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The Store of the Worlds

by Robert Sheckley

Mr. Wayne came to the end of the long, shoulder-high mound of gray rubble, and there was the Store of the Worlds. It was exactly as his friends had described: a small shack constructed of bits of lumber, parts of cars, a piece of galvanized iron and a few rows of crumbling bricks, all daubed over with a watery blue paint.

He glanced back down the long lane of rubble to make sure he hadn't been followed. He tucked his parcel more firmly under his arm; then, with a little shiver at his own audacity, he opened the door and slipped inside.

"Good morning," the proprietor said.

He, too, was exactly as described: a tall, crafty-looking old fellow with narrow eyes and a downcast mouth. His name was Tompkins. He sat in an old rocking chair, and perched on the back of it was a blue-and-green parrot. There was one other chair in the store and a table. On the table was a rusted hypodermic.

"I've heard about your store from friends," Mr. Wayne said.

"Then you know my price," Tompkins said. "Have you brought it?"

"Yes," said Mr. Wayne, holding up his parcel. "All my worldly goods. But I want to ask first-"

"They always want to ask," Tompkins said to the parrot, who blinked. "Go ahead, ask."

"I want to know what really happens."

Tompkins sighed. "What happens is this: I give you an injection which knocks you out. Then, with the aid of certain gadgets which I have in the back of the store, I liberate your mind."

Tompkins smiled as he said that, and his silent parrot seemed to smile, too.

"What happens then?" Mr. Wayne asked.

"Your mind, liberated from its body, is able to choose from the countless probability worlds which the earth easts off in every second of its existence."

Grinning now, Tompkins sat up in his rocking chair and began to show signs of enthusiasm.

"Yes, my friend, though you might not have suspected it, from the moment this battered earth was born out of the sun's fiery womb, it cast off its alternate-probability worlds. Worlds without end, emanating from events large and small; every Alexander and every amoeba creating worlds, just as ripples will spread in a pond no matter how big or how small the stone you throw. Doesn't every object cast a shadow? Well, my friend, the earth itself is four-dimensional; therefore it casts three-dimensional shadows, solid reflections of itself, through every moment of its being. Millions, billions of earths! An infinity of earths! And your mind, liberated by me, will be able to select any of these worlds and live upon it for a while."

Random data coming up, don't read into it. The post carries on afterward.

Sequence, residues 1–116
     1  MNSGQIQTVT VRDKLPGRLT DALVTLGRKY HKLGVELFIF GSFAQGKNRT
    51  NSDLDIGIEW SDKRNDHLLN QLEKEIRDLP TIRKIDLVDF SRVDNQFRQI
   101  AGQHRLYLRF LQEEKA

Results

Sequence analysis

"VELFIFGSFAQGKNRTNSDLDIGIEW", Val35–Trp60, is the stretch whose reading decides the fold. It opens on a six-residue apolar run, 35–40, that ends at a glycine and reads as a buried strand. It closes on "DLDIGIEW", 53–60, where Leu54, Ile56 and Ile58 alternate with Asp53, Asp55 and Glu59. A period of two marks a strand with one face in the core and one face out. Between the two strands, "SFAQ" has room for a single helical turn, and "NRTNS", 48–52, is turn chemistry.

Mr. Wayne was uncomfortably aware that Tompkins sounded like a circus barker, proclaiming marvels that simply couldn't exist. But, Mr. Wayne reminded himself, things had happened within his own lifetime which he would never have believed possible. Never! So perhaps the wonders that Tompkins spoke of were possible, too.

Mr. Wayne said, "My friends also told me-"

"That I was an out-and-out fraud?" Tompkins asked.

"Some of them implied that," Mr. Wayne said cautiously, "But I try to keep an open mind. They also said-"

"I know what your dirty-minded friends said. They told you about the fulfillment of desire. Is that what you want to hear about?"

"Yes," said Mr. Wayne. "They told me that whatever I wished for-whatever I wanted-"

"Exactly," Tompkins said. 'The thing could work in no other way. There are the infinite worlds to choose among. Your mind chooses and is guided only by desire. Your deepest desire is the only thing that counts. If you have been harboring a secret dream of murder-" "Oh, hardly, hardly!" cried Mr. Wayne. "-then you will go to a world where you can murder, where you can roll in blood, where you can outdo De Sade or

Nero or whoever your idol may be. Suppose it's power you want? Then you'll choose a world where you are a god, literally and actually. A bloodthirsty Juggernaut, perhaps, or an ail-wise Buddha."

"I doubt very much if I-"

"There are other desires, too," Tompkins said. "All heavens and all hells will be open to you. Unbridled sexuality. Gluttony, drunkenness, love, fame-anything you want."

"Amazing!" said Mr. Wayne.

"Yes," Tompkins agreed. "Of course, my little list doesn't exhaust all the possibilities, all the combinations and permutations of desire. For all I know, you might want a simple, placid, pastoral existence on a South Sea island among idealized natives."

"That sounds more like me," Mr. Wayne said with a shy laugh.